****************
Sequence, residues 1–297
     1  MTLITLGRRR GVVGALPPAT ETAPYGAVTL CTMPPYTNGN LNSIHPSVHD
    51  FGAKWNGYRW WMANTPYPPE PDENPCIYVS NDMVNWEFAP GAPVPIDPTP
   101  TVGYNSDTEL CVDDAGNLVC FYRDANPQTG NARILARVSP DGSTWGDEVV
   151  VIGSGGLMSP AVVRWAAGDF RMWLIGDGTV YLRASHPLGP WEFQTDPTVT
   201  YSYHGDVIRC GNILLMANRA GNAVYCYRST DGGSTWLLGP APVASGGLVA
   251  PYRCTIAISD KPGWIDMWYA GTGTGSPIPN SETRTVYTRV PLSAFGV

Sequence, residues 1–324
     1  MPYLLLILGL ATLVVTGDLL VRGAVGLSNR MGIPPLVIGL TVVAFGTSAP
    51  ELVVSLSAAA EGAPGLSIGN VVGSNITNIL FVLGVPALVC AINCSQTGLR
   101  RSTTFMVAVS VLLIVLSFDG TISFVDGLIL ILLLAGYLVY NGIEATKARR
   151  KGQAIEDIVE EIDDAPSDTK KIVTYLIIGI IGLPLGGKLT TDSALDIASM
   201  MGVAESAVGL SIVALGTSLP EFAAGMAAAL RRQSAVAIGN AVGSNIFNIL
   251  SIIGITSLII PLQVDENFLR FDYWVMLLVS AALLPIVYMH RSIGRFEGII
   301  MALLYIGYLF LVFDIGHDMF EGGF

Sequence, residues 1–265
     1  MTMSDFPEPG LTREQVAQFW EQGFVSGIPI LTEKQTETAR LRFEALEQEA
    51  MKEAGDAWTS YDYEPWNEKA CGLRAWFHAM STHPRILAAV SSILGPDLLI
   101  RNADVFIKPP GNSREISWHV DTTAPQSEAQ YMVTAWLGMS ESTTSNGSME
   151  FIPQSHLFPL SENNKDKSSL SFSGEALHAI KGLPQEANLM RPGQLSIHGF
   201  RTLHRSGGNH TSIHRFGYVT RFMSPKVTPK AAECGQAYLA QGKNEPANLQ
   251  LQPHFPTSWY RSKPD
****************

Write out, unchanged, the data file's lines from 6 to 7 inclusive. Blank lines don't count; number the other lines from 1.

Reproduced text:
   201  YSYHGDVIRC GNILLMANRA GNAVYCYRST DGGSTWLLGP APVASGGLVA
   251  PYRCTIAISD KPGWIDMWYA GTGTGSPIPN SETRTVYTRV PLSAFGV